the global market, flooding the world with cheap labour, now the


Chinese labour force is being replaced with robots which means all


of those Chinese workers will want higher-skilled jobs. If they


compete, which they will in a global world with our youth, our youth is


going to find it really, really hard. We haven't even touched upon


the political anxieties. Go on? What is really interesting about the


debate you had with the governor is what does it mean politically. It


looks to me as though the Conservatives are, as we go into


2015 going to be in a stronger position than others thought. And


the coaliti will be in a stronger position. You have Ed Miliband


taking the party to the left, chastising business, you saw stuff


in the papers this morning about the reaction from business to that. I


think it is really interesting politically. The other factor, of


course, is the referendum, if Cameron winds, well coalition wins


we will have a referendum. If Ed Miliband wins we won't. It is the


devil and the deep blue sea. This is as nothing compared to some of the


international political problems that could upset all calculation?


The big one being Syria, or China-Japan. There is any number of


potential massive war configuration that is could happen overnight. And


Davos has not been a good predictor of the black spots! As I mentioned


earlier, the World Economic Forum isn't modest in its scope, but then


there is no shortage of things to worry about.


Now this gathering is supposed to be about dealing with global issues, so


here in defiance of the institutional prejudice against


those who don't have the Y-sex chromosome, we have the Ugandan


Finance Minister. The lady who worked her way up from a sweatshop


to become one of the richest women in China, and Ella, my Turkish is


pretty bad, she's the most read female author in Turkey. Do you


feel, let me start with you, it is striking how few women there are


represented at a senior level here isn't it? In the forum. Yes, I have


noticed that. Why? That is what I was going to ask you what is the


answer? It is puzzling because taking Uganda for instance, there is


no legal barriers for women coming up in business or in Government. For


instance we have a requirement that in every constituency has a woman


MP. That is a third of the MPs in parliament are women to begin with.


I don't know. What's your view? You know I would say just the opposite,


I have been coming here for the last almost ten years, I have noticed


this recent two years that women's participation has hugely increased.


Is that your impression too, you have been before haven't you? That


is not my impression, of course it is true in the sense that in the


audience, among the listeners there are many women and there are


beautiful conversations, but when we look at the numbers and statistics,


85% of the participants at Davos are male, 15% are female. There is a


big, big gap. Unfortunately this year it has even fallen under the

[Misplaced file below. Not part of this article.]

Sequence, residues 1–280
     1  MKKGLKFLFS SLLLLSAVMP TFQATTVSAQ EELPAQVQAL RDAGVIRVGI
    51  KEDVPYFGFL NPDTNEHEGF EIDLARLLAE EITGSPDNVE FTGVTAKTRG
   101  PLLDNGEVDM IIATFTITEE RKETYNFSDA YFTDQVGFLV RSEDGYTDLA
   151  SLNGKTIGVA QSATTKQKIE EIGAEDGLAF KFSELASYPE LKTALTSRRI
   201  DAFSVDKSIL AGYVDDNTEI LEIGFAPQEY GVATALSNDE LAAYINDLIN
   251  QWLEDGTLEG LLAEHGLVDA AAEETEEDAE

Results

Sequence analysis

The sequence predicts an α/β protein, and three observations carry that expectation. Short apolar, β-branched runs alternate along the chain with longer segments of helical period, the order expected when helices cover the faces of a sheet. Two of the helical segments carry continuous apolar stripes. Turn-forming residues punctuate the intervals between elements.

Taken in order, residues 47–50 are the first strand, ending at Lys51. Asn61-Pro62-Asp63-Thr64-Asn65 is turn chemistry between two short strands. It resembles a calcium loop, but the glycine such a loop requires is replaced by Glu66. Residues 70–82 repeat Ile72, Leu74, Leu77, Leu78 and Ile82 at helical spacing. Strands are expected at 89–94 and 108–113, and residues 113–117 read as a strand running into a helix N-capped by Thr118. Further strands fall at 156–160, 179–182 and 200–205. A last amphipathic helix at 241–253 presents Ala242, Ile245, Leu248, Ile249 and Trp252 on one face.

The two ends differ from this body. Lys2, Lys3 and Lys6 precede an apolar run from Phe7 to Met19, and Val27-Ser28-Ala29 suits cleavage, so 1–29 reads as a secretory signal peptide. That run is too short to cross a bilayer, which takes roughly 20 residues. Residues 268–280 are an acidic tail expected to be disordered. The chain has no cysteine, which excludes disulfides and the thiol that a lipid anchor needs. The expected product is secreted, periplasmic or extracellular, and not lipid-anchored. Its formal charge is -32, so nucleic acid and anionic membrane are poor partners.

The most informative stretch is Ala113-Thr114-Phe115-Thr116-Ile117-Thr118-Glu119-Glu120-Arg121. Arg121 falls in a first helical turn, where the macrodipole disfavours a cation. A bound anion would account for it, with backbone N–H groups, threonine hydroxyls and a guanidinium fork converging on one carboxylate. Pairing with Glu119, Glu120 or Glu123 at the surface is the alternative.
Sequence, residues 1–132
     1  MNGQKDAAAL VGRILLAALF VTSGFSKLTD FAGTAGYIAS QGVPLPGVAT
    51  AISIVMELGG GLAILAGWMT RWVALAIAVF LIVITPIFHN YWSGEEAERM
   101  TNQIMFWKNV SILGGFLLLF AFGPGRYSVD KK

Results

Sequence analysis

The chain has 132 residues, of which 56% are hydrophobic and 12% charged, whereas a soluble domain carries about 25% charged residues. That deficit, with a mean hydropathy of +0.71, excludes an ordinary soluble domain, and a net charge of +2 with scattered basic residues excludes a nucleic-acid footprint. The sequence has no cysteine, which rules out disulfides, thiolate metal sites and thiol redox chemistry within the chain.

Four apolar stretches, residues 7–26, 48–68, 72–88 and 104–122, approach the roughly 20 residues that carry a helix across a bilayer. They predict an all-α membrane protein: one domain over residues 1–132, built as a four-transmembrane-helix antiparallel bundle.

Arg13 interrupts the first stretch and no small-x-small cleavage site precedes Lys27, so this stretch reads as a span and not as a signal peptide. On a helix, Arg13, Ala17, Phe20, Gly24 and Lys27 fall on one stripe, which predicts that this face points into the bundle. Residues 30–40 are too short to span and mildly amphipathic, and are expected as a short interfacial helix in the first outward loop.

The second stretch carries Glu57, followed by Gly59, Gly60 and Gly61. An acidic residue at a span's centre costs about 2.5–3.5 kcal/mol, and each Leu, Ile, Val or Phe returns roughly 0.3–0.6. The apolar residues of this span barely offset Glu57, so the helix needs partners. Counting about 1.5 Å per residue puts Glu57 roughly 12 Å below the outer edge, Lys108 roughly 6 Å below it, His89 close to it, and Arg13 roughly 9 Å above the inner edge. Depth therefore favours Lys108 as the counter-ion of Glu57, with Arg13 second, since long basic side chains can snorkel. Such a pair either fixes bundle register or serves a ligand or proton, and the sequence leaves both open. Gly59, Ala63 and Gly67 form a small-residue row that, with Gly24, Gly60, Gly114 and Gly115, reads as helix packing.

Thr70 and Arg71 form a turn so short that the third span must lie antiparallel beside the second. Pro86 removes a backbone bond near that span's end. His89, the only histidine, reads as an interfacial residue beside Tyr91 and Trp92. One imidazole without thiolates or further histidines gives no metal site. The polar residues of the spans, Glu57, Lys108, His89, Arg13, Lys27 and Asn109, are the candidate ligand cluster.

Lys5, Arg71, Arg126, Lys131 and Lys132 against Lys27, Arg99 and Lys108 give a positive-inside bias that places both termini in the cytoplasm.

statistics of two years ago. Now you weren't able to see all that some of


those amazing statistics that were just running through, but one of the


most striking things is that the difference in what's changed in


Africa compared to the difference to what has changed in China, now why


is this? Why has China forged ahead so much and Africa not forged ahead


in anything like the same level in the last ten years. What's your view


of that? I think in Africa our Governments went through about two


decades of finding their feet, so to speak. We went through coups,


military dictatorships, but in the 1990s we got our act together,


governance, fiscal discipline, focussing on the priorities. And it


has happened to coincide with a time when China was coming up. I think


what's now, our natural resource bases offer a lot of interest to


many people. Africa is now on the cusp. But we have a big deficit and


we need to keep concentrated. We have an infrastructure deficit. We


have a human productivity deficit, we need to take our advantages and


define them. Is there something about Chinese society that makes it


naturally able to progress faster? Well you have a relatively simple


and one-party ruling politics which makes decisions easy. You also have,


in China, previous to the recent 30 years of reforms a very suppressed


social system. So that the recent reforms have unleashed all the


energy. And plus the huge population, very disciplined, hard


working work force. Now when you get a successful


transformation taking place, as is happening, to some degree in Turkey,


it sets off all sorts of social tensions doesn't it? Turkey is a


very interesting case, and a very complicated case, if I may say so.


It is not like any other country in the Middle East. It is not a


typically authoritarian country or democracy either, it is somewhere


inbetween. It is difficult to analyse the country. We have had a


strong economy, especially in the last decade, but afterwards, what


followed was especially along with political unrest, because I think